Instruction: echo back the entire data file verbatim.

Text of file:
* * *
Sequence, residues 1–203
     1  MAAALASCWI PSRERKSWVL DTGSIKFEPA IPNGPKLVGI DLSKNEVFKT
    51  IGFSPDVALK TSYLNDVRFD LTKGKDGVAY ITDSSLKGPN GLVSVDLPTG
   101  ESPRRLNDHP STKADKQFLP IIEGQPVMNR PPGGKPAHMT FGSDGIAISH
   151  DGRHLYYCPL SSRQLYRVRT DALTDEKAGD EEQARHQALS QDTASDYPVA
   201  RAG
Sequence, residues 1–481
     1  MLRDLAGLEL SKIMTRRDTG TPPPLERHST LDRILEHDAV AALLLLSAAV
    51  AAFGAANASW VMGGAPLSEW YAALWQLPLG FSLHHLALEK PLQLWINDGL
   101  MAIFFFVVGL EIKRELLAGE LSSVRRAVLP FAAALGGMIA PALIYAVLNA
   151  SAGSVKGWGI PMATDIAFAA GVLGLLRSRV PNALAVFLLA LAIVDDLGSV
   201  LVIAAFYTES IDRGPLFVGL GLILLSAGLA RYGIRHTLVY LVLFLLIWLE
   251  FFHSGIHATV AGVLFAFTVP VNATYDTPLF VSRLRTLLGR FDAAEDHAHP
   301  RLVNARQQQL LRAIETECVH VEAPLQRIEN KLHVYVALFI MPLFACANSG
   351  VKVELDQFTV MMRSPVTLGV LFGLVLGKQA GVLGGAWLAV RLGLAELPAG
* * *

Sequence, residues 1–203
     1  MAAALASCWI PSRERKSWVL DTGSIKFEPA IPNGPKLVGI DLSKNEVFKT
    51  IGFSPDVALK TSYLNDVRFD LTKGKDGVAY ITDSSLKGPN GLVSVDLPTG
   101  ESPRRLNDHP STKADKQFLP IIEGQPVMNR PPGGKPAHMT FGSDGIAISH
   151  DGRHLYYCPL SSRQLYRVRT DALTDEKAGD EEQARHQALS QDTASDYPVA
   201  RAG
Sequence, residues 1–481
     1  MLRDLAGLEL SKIMTRRDTG TPPPLERHST LDRILEHDAV AALLLLSAAV
    51  AAFGAANASW VMGGAPLSEW YAALWQLPLG FSLHHLALEK PLQLWINDGL
   101  MAIFFFVVGL EIKRELLAGE LSSVRRAVLP FAAALGGMIA PALIYAVLNA
   151  SAGSVKGWGI PMATDIAFAA GVLGLLRSRV PNALAVFLLA LAIVDDLGSV
   201  LVIAAFYTES IDRGPLFVGL GLILLSAGLA RYGIRHTLVY LVLFLLIWLE
   251  FFHSGIHATV AGVLFAFTVP VNATYDTPLF VSRLRTLLGR FDAAEDHAHP
   301  RLVNARQQQL LRAIETECVH VEAPLQRIEN KLHVYVALFI MPLFACANSG
   351  VKVELDQFTV MMRSPVTLGV LFGLVLGKQA GVLGGAWLAV RLGLAELPAG